here are all the carrots I plan on using
peel them and remove the ugly outer layers.
chop off the ends.
and the tops.
ahh, there we are.
grab a cheese grater, and shred the carrots on the largest holes.
well…I used all but one of my carrots. see why kitchen scales are our friend?
put some nuts on a baking sheet and roast them for about 8-10 minutes until fragrant.
meanwhile, prep your cake pans. I didn’t have round parchment sheets, so I’m going to improvise.
12ounces white chocolate, chopped fine (don’t use chips)
4ounces heavy cream
Preheat your oven to 325°. Butter three 8-inch cake pans; line the bottoms with parchment. Butter the paper and flour the pans, knocking out as much excess flour as possible.
Spread the pecans on a baking sheet and toast for 8-10 minutes, until fragrant. Cool and finely chop.
In a bowl, whisk the flour, baking powder, baking soda, cinnamon, ground ginger, nutmeg and salt. In a small bowl, whisk the oil, buttermilk, maple extract, and vanilla. In a large bowl, using an electric mixer or stand-mixer, beat the eggs and sugar at high speed until pale, about 5 minutes. Beat in the liquid ingredients, mixing thoroughly. Beat in the dry ingredients just until moistened. Stir in the carrots and pecans. Divide the batter between the pans and bake the cakes for 30 to 40 minutes, or until springy and golden. Let the cakes cool on a rack for 30 minutes, then unmold the cakes and let cool completely. You can pop them in the fridge or freezer if you’re in a hurry.
In a large bowl, using an electric mixer, beat the butter and cream cheese at high speed until light, about 5 minutes. Beat in the vanilla, maple extract, maple syrup, then the confectioners’ sugar; beat at low speed until incorporated. Increase the speed to high and beat until light and fluffy, about 3 minutes. For even coverage, put about 3 cups of the frosting into a large piping bag. Otherwise, just plop the frosting onto the cake as you wish. You should have plenty of frosting leftover to frost the outside and top of the cake.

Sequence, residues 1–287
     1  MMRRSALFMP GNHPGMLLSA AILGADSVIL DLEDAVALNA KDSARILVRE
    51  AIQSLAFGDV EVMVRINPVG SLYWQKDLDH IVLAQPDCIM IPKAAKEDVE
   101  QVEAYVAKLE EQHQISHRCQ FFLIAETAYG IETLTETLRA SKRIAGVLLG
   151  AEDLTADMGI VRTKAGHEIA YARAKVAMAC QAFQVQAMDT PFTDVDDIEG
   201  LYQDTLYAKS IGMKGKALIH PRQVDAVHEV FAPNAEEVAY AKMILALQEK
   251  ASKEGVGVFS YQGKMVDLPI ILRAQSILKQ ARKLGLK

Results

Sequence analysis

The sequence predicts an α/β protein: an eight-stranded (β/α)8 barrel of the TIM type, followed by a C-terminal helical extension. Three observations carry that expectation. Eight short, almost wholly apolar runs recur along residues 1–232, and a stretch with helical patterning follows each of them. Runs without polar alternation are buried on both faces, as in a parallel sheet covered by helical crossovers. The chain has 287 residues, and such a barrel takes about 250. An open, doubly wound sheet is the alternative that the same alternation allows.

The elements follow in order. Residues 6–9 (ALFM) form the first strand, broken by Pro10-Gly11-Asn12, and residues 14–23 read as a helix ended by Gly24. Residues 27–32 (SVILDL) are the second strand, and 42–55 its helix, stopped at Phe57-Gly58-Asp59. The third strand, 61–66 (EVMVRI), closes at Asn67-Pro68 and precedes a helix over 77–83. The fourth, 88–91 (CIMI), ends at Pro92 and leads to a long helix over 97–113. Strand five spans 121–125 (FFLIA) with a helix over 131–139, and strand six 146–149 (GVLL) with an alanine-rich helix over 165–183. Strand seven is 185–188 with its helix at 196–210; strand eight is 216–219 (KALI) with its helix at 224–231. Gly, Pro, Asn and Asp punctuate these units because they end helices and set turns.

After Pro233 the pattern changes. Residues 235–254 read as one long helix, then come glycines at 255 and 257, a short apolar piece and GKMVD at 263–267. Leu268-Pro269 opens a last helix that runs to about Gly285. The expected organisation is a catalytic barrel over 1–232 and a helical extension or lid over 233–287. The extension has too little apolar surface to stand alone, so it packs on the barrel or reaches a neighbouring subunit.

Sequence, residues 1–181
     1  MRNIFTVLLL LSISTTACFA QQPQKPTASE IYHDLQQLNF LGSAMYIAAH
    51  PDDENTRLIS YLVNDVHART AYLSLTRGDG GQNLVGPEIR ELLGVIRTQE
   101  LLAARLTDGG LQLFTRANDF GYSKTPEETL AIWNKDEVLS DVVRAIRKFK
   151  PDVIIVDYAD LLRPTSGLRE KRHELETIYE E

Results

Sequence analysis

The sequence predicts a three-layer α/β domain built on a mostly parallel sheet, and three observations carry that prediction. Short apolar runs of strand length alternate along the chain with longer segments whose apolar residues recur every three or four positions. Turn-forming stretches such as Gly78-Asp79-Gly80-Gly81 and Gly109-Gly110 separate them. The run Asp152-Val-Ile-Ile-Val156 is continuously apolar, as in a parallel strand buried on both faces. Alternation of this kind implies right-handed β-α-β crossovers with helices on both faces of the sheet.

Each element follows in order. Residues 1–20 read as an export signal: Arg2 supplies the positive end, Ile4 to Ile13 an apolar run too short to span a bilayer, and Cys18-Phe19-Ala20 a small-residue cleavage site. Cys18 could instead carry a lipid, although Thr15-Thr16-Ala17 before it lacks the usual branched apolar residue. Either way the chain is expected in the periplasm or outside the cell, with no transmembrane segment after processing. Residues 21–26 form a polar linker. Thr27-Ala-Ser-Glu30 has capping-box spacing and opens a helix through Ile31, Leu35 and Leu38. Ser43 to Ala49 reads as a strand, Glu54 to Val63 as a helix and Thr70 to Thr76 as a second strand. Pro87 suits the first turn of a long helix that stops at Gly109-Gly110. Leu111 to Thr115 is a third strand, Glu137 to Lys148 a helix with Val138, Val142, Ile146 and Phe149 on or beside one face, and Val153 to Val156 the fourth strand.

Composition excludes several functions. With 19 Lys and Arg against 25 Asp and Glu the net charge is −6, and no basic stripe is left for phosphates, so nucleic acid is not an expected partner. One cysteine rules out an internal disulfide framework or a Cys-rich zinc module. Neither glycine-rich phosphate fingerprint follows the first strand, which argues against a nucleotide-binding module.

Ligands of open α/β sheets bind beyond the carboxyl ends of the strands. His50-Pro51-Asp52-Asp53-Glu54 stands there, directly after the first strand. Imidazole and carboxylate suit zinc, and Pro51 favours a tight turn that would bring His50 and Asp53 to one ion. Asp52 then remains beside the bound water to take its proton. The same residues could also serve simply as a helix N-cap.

Peel off the parchment paper and invert one cake layer onto a plate or cake board. Spread with a slightly rounded cup of the frosting, or use the piping bag to create an even layer by starting in the center of the cake and swirling around until you reach the edge of the cake. Top with the second cake layer, right side up. You can spread a thin layer of frosting on the outside of the cake to make a “crumb coat”. Chill the cake until the frosting sets up, about 20 minutes. Then spread the top and sides with the remaining frosting and refrigerate the cake until chilled, about 1 hour.
To make the ganache, heat the heavy cream in a small saucepan or microwave until really hot. Pour the hot cream over the finely chopped white chocolate. After about 2 minutes, gently stir until combined and smooth. Immediately pour the ganache on the center of the cake and let it drip down the sides. You may not use all of the ganache, it’s up to you. Refrigerate the cake so that everything sets up, about 30 minutes.
Slice and serve.
Prep Time:40 mins
Cook Time:40 mins
Recipe Card powered by